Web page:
[Jesus] said to them again, “Peace be with you. As the Father has sent me, so I send you. And when he had said this, he breathed on them and said to them, “Receive the holy Spirit. Whose sins you forgive are forgiven them, and whose sins you retain are retained.” -John 20:21-23
Conversion to Christ, the new birth of Baptism, the gift of the Holy Spirit and the Body and Blood of Christ received as food have made us “holy and without blemish,” just as the Church herself, the Bride of Christ, is “holy and without blemish.” Nevertheless the new life received in Christian initiation has not abolished the frailty and weakness of human nature, nor the inclination to sin that tradition calls concupiscence, which remains in the baptized such that with the help of the grace of Christ they may prove themselves in the struggle of Christian life. This is the struggle of conversion directed toward holiness and eternal life to which the Lord never ceases to call us. –Catechism of the Catholic Church 1426.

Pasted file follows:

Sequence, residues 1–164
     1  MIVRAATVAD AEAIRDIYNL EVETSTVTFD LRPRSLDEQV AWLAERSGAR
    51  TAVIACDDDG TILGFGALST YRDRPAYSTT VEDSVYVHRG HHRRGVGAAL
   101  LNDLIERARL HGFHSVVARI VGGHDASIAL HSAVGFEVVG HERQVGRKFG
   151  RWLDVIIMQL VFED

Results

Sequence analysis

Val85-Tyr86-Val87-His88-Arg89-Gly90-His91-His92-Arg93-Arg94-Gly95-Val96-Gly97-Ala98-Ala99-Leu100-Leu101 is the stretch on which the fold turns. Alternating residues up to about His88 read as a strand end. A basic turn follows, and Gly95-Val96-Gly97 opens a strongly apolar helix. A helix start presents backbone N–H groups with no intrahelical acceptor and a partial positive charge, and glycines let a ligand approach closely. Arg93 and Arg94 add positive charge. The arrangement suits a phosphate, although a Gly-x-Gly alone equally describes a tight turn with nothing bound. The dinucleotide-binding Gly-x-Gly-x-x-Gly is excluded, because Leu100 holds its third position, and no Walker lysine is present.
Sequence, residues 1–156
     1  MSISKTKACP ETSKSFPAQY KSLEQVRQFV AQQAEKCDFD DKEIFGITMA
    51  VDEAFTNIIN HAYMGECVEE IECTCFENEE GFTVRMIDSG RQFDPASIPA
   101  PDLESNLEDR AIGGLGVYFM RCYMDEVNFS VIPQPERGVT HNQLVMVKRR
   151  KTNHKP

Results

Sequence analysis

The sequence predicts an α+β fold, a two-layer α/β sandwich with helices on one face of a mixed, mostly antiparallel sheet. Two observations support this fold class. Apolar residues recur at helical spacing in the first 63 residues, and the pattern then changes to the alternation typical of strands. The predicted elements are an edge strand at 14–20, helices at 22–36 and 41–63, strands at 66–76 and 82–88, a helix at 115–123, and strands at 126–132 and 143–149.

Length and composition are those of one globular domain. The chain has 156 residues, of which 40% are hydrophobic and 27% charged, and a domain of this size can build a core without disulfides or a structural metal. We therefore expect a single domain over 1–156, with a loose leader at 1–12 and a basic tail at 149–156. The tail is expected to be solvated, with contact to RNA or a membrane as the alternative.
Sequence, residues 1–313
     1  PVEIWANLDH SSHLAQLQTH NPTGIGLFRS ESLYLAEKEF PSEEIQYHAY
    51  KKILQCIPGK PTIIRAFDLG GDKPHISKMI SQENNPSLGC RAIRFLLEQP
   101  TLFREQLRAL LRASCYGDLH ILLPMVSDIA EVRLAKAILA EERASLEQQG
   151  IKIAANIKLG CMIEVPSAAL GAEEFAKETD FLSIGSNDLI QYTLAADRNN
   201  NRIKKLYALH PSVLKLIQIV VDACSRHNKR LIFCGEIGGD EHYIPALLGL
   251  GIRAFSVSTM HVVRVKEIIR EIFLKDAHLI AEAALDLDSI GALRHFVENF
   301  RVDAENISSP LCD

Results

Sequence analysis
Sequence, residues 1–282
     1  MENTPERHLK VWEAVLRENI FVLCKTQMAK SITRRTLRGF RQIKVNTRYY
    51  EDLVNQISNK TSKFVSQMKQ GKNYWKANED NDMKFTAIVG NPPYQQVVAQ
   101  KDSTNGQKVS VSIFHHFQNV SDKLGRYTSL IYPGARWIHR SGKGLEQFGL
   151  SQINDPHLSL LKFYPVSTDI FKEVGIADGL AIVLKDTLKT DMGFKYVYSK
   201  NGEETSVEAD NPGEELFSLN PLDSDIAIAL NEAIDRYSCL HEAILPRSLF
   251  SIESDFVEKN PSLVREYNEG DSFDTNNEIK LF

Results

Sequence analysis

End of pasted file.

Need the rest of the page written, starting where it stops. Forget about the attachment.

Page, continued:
As we try to follow the example of perfection set forth by Jesus himself, we can’t help but fall through our weakness. So, God gave us a sacrament of mercy so that we can come to Him and receive forgiveness from our sins as well as His grace to go and overcome our temptations. None of us are perfect while here on earth and we need to entrust ourselves to the mercy of God and the Sacrament of Reconciliation is that opportunity to be forgiven.
We know that there are many fears regarding this sacrament, primarily to fear of confessing one’s sins to the priest. This fear should not impede us as we confess to our loving Lord through the ministry of the priest and our confession is sealed never to be shared with anyone, ever. The shame we have for sins can be another roadblock and is not based in the truth of the sacrament, but in our imagined worst case scenario. Even when we sin we are beloved children of God and God calls us back to Him so He can heal us. He is like a father wanted to bandage his child’s skinned knees after falling. Therefore, we trust in God’s merciful presence as we confess our sins.